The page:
Students and instructors react in wake of Russia’s unprovoked attack


Oak Leaf Staff

Uncertain of Russia’s next move, students feel the pressure of war overseas and are worried about the emotional and economic effect it has on their lives.

Ava Domenichelli, Reporter

Santa Rosa Junior College students and instructors are fearful and frustrated after Russia invaded Ukraine Feb. 24. 

A mixture of confusion and anxiety crossed the campus as students questioned the future of not only their home, but the world. Some are choosing to stay informed and aware, while others turned off the news. Uncertain of Russia’s next move, students feel the pressure of war overseas and are worried about the emotional and economic effect it has on their lives. 

“We just bought a house, and we don’t know what’s going to happen if the U.S. gets involved. Is there going to be a [market] crash? A depression?” asked mathematics major Laura Jojoa.

English major John Oster is prepared for economic struggles, as the cost of goods rises due to supply chain disruption. “I filled up my car this morning because the gas prices are about to shoot up,” he said. 

“I could sit here and complain about how my gas now costs more,” said student Natalie Whiting, 19, “but that would be my privilege talking.” She recognized that the Ukrainian people are suffering in grave ways comparatively. 

“It feels like doomsday,” said McDieun Philidor, SRJC theater arts major. He and other students have taken the initiative to learn about current world issues. “I think we need to educate ourselves and stay vigilant,” he said. “It’s so far away from us, but I do think we should be prepared and learn our history.” 

Psychology major Lyric Pearson, 18, was sympathetic toward those suffering. “I feel so terrible for families being split up, innocent people dying, especially children, and for everyone who is trying to help over there who I’m sure is completely exhausted,” she said. Pearson also drew a parallel to Sonoma County, where residents know “what it feels like to lose the things they love because of the fires.”

Andrew James, a chemistry major, questioned the need for violence. “War to me seems silly at this point. The times we live in where we’re all interconnected and we should be able to share our ideals and beliefs without conflict like that,” James said. 

The wait for more information is what bothers English major Oster. “We are finding out by the hour. We know more every minute, and this waiting is just going to make us more anxious,” Oster said. 

Some students stressed the importance of staying aware of global conflicts, while others expressed the opposite. 

Mossimo Tuscany, a kinesiology major, had no knowledge on the topic. “I don’t really pay attention to the news. I focus on my homework,” he said. Tuscany believes the news is “constantly negative,” and “depressing” and that the conflict seems to repeat itself. “We have a war, and then we get out of a war, and then we have another war. There seems to be no end to the pointless fighting that is impacting the people of the world,” he said.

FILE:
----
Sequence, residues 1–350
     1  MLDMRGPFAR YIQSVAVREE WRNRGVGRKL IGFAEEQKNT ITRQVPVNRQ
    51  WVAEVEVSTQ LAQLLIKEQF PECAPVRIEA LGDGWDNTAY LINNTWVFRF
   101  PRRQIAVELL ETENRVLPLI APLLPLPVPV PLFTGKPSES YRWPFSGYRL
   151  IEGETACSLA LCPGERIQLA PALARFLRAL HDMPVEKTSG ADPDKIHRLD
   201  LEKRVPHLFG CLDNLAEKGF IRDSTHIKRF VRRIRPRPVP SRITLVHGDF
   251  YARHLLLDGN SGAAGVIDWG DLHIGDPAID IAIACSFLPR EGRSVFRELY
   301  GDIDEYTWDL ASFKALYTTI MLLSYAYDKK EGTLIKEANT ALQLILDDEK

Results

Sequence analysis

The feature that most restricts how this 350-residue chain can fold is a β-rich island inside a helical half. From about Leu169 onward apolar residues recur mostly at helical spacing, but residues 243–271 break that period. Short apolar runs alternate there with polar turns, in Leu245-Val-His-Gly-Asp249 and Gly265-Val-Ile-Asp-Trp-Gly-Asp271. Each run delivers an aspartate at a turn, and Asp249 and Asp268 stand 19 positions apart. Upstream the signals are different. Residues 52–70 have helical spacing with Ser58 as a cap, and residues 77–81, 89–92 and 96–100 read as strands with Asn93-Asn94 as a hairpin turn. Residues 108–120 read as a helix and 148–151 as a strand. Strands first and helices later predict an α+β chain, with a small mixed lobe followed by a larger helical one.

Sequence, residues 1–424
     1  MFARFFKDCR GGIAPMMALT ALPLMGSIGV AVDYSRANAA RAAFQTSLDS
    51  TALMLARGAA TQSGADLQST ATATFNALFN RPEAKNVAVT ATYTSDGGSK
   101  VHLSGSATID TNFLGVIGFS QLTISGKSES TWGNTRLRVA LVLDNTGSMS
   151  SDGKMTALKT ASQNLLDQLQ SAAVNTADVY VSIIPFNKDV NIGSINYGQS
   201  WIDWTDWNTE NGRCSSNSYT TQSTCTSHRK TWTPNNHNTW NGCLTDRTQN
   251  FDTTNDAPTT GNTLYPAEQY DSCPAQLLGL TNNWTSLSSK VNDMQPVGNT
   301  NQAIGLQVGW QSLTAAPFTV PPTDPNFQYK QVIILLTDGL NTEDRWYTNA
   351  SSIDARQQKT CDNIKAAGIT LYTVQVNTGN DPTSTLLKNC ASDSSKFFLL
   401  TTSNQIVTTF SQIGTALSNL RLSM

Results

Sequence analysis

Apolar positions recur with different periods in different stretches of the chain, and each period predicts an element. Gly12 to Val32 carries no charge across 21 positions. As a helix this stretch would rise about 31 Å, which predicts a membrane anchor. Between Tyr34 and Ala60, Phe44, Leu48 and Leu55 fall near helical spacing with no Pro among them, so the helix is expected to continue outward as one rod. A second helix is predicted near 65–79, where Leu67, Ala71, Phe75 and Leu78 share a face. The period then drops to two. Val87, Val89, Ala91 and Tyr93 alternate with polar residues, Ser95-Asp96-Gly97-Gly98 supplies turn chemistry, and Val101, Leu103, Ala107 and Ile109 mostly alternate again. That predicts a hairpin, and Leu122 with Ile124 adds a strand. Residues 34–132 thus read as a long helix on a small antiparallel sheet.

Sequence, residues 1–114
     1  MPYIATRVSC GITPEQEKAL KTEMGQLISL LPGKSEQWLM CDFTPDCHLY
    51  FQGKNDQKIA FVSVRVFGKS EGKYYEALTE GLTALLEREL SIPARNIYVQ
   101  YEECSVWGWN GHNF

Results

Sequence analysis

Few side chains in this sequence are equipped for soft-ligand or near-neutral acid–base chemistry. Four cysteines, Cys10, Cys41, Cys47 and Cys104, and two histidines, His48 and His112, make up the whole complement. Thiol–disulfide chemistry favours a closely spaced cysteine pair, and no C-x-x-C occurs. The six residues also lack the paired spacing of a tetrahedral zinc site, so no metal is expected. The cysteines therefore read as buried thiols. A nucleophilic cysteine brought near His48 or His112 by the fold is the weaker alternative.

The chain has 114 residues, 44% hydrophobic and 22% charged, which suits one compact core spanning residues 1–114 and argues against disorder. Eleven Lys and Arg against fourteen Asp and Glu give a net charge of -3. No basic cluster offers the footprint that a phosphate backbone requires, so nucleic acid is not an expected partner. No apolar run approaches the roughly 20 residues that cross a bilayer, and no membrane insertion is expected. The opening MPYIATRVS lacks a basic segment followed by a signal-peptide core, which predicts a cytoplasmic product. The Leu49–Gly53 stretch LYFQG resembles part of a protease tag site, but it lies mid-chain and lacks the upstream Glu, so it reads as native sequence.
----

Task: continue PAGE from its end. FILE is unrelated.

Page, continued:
Tuscany is not the only uninformed student on campus. Sociology major Daniel Moskowitt said he doesn’t know anything about it. “I just know there’s a lot of tension going on, and Russia wants to do something,” he said. 

Another student, Daniela Ingargiola, 20, was “not really focused on it at the moment.”

Some students believed American involvement is a likely outcome. 

“I think a fight or war will probably break out, and I’m just scared for my own safety, being on the West Coast,” said SRJC student Victoria Canela, 18.  

History instructor Anne-Marie Donegan said there is no possible way the United States will send troops to Europe. “It would mean 20-something countries coming in [to Ukraine], and no one wants to fight this war. There is no way that an American soldier in uniform is going to Ukraine, that’s just not happening,” she said. “Students who are worried about drafting soldiers overseas should enroll in a history course.”

SRJC political science and history instructor Johannes Van Gorp agreed with Donegan’s assessment that U.S. boots on the ground are unlikely, and that the hysteria behind a potential draft is unfounded. “I don’t think the Biden administration is interested in getting involved in a land war; we’re dealing with a nuclear power,” Van Gorp said. 

But Van Gorp is less sure how the conflict ends, outside of Ukraine’s returning to the Russian sphere of influence. “How is this going to evolve? It is very dangerous, because we’re talking about nuclear power here, and Putin is signaling quite clearly right now to the West, ‘Don’t help.’”

One possible scenario, Van Gorp suggested, and one that would be “the best-case scenario for NATO,…is that Russia gets bogged down in a war in Ukraine, and that Putin’s policy becomes increasingly unpopular in Russia as more and more body bags come home, and then you get resistance in the Kremlin, where [they] either have to choose withdrawal or regime change.” 

But even this outcome is not entirely favorable for Van Gorp. “I feel it’s a horrible scenario, because that would cost thousands, if not tens of thousands of Ukrainian lives to get to that point, and also Russian lives.”

Additional reporting by Nick Vides, Sam Guzman and Javier Rosas.